WHEN: Tuesday, March 22, 2011 6pm-9pm

Happy Hour Specials: $6 Monavie cocktails and martinis

$5 House red/white wine by the glass
$4 Select bottled beer

Raffle: We will raffle off a bottle of Monavie m(mun).

SPONSOR: MonaVie

Good Article On How To Be Persuasive

Saturday, March 5th, 2011

Why People Listen to Chris Christie (by Andy Goodman, free-range thinking (March 2011)

Even if you dislike the New Jersey governor’s politics, you have to respect the way he delivers his message.

Given a choice between increasing taxes on New Jersey’s millionaires or reaching into the pockets of teachers, Governor Chris Christie has gone after the teachers. I could dislike him for that alone, but when you throw in his views on gay marriage (against), a woman’s right to choose (against), and environmental protection (not if it’s bad for business), I really can’t stand the guy. So when I see Christie speak live on TV or recorded in clips on YouTube, why do I find him so darned likable?

Apparently, I’m not alone in this. Christie is a rapidly rising star in the Republican Party and his name keeps surfacing in discussions of the 2012 presidential race. Christie flatly denies any interest, and he does so with humor and humility, which only makes him more likable. In fact, whatever subject he tackles, Christie regularly demonstrates mastery of three techniques essential for delivering a tough message:

Be a person first.
Audiences don’t separate the messenger from his message. If they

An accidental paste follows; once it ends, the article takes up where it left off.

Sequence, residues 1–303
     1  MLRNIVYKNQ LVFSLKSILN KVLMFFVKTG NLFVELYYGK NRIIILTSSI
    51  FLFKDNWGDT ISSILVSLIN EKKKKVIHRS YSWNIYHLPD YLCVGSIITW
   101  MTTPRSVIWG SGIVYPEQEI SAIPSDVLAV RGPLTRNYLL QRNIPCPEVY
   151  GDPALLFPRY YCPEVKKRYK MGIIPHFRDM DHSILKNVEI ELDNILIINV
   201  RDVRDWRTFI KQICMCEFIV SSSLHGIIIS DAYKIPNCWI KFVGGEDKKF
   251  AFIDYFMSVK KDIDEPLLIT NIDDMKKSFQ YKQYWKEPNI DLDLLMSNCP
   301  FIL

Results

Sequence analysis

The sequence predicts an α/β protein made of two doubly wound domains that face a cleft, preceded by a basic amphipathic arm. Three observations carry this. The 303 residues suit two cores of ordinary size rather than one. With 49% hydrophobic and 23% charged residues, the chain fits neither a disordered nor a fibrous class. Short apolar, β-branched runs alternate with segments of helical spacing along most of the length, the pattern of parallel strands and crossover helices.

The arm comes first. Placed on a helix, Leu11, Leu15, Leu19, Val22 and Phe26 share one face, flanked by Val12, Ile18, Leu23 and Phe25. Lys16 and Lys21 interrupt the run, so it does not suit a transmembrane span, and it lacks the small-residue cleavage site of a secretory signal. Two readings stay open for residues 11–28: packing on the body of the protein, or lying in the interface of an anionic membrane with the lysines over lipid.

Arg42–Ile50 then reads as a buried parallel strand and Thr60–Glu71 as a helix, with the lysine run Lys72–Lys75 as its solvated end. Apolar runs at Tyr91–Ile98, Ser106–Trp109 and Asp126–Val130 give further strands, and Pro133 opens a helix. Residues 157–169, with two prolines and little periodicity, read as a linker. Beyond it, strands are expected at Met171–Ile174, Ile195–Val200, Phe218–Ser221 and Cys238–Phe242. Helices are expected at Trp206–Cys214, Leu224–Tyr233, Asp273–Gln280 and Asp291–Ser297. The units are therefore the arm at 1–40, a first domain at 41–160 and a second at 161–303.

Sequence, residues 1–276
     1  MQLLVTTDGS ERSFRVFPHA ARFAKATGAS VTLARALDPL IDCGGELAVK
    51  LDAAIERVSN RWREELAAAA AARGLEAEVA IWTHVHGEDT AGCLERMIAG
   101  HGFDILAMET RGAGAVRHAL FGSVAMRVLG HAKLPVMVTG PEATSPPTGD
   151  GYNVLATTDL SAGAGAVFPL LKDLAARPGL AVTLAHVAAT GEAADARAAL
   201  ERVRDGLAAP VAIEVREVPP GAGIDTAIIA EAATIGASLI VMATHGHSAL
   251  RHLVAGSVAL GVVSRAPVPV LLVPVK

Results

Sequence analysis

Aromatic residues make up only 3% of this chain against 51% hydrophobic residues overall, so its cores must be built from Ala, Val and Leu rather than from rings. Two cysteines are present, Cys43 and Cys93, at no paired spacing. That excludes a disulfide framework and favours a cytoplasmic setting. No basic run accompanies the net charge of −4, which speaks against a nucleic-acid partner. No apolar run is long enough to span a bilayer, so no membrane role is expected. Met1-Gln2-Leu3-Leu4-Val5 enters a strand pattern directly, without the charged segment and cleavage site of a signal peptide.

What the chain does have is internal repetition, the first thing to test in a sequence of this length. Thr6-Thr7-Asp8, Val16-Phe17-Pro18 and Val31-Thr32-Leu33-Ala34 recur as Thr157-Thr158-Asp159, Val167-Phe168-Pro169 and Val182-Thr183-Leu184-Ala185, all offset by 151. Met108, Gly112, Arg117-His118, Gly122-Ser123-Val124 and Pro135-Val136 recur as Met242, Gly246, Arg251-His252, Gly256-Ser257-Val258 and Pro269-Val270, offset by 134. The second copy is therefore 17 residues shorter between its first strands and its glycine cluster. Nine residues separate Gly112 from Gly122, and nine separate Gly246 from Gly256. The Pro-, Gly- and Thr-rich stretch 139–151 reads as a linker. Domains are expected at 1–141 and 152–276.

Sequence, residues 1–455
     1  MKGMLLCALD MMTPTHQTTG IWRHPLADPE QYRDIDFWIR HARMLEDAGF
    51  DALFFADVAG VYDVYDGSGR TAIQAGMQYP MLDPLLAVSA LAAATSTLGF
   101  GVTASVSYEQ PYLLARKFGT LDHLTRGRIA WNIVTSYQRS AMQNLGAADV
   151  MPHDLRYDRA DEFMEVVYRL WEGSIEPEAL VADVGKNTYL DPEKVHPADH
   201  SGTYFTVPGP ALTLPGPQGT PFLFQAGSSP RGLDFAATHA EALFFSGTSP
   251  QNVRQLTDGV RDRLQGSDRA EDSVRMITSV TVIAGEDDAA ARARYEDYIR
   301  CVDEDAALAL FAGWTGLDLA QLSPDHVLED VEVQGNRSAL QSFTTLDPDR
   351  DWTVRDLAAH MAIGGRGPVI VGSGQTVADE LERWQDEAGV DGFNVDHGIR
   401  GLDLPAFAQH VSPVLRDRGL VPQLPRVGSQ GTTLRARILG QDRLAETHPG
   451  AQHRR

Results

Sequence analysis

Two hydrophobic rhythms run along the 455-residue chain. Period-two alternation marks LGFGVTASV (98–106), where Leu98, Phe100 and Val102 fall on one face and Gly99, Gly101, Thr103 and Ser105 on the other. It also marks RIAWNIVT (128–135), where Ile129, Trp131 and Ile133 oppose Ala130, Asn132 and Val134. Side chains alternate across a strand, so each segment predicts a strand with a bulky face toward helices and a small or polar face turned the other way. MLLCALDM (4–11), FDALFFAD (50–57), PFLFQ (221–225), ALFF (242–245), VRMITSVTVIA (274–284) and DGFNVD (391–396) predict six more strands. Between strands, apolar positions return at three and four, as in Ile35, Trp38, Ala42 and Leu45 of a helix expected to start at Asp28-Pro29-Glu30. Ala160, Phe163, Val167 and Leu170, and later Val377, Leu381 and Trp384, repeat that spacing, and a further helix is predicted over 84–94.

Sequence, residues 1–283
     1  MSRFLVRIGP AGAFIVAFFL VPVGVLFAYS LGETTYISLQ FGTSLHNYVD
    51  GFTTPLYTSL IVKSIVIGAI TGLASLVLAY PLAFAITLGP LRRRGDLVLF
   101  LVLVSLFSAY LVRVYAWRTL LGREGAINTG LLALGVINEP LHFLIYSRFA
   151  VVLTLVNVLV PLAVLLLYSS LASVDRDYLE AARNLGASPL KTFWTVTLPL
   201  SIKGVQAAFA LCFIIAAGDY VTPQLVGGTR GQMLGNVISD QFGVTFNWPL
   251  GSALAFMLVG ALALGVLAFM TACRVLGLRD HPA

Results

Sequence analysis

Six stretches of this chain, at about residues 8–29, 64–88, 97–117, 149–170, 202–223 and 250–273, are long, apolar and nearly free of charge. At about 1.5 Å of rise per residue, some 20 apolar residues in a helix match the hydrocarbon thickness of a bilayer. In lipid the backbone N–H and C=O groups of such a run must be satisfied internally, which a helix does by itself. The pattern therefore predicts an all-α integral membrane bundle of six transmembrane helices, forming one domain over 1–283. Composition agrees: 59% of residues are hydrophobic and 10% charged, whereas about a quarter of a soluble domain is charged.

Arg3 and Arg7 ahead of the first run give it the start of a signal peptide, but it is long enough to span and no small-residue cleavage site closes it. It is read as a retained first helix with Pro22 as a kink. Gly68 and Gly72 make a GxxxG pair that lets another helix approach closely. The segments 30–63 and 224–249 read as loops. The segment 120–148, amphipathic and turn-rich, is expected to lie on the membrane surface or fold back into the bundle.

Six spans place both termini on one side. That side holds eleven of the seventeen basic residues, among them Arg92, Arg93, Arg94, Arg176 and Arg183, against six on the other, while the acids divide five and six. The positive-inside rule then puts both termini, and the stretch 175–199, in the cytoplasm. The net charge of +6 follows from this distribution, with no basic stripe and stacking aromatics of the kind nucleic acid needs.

New Jersey Governor Chris Christie

don’t like the speaker, they’re probably not going to like (or even listen to) what he has to say. Christie clearly understands this, so he frequently talks about himself or his family to establish a connection with his audience before getting into potentially sticky issues.

In the YouTube clip “Chris Christie on His Style,” a voter chastises the governor for his brusque, often confrontational approach. Christie offers this reply: “I have an Irish father, and I had – before she passed away six years ago – a Sicilian mother. Now, for those of you who have been exposed to the combination of Irish and Sicilian, it has made me not unfamiliar with conflict. In my house, my parents left nothing unsaid.” Listen to how Christie delivers this line (during the first minute of this clip) and you’ll see why the audience laughs and, more importantly, how Christie became a person in that room before he had to be a politician.

Connect on an emotional level.
There’s a reason politicians talk about the battle for “hearts and minds” and not for “minds and hearts.” Human beings respond emotionally to incoming information even before their brains are fully engaged. If our emotions are negative (e.g., anger, distrust, fear), our brains will find ways to ignore or discount the incoming information. In short: we believe what we want to believe.

Christie understands this, too, and he often uses humor to emotionally connect with his audiences before asking them to seriously consider a controversial proposition. Forced to explain why he believes New Jersey’s teachers should contribute part of their salaries to cover health care benefits, Christie manages to be both funny and persuasive in this clip, aptly titled “This is the crap I have to hear.”